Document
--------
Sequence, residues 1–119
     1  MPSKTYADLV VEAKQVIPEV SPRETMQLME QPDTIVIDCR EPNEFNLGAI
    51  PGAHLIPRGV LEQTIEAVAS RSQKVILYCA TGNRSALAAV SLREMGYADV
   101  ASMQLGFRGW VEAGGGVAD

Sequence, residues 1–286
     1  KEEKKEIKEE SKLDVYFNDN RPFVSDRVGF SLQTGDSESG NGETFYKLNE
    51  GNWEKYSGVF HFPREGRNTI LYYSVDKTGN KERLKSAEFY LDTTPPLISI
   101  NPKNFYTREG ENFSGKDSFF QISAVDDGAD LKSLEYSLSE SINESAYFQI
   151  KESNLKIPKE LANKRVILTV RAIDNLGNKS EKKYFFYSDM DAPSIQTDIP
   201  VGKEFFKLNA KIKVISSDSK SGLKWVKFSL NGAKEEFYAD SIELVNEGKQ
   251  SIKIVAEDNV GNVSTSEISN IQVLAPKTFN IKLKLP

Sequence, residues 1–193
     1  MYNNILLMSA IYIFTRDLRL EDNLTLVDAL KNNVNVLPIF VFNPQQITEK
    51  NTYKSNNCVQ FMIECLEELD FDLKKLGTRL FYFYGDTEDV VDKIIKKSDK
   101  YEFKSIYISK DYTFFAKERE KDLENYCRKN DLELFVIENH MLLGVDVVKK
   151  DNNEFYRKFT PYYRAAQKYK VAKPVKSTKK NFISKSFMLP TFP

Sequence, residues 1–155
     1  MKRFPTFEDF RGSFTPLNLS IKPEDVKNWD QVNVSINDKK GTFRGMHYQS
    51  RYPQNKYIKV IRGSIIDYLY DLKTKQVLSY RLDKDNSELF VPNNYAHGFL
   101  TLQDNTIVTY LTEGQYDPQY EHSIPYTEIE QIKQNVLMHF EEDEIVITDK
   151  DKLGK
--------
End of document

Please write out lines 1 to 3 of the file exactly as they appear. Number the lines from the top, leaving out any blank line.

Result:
Sequence, residues 1–119
     1  MPSKTYADLV VEAKQVIPEV SPRETMQLME QPDTIVIDCR EPNEFNLGAI
    51  PGAHLIPRGV LEQTIEAVAS RSQKVILYCA TGNRSALAAV SLREMGYADV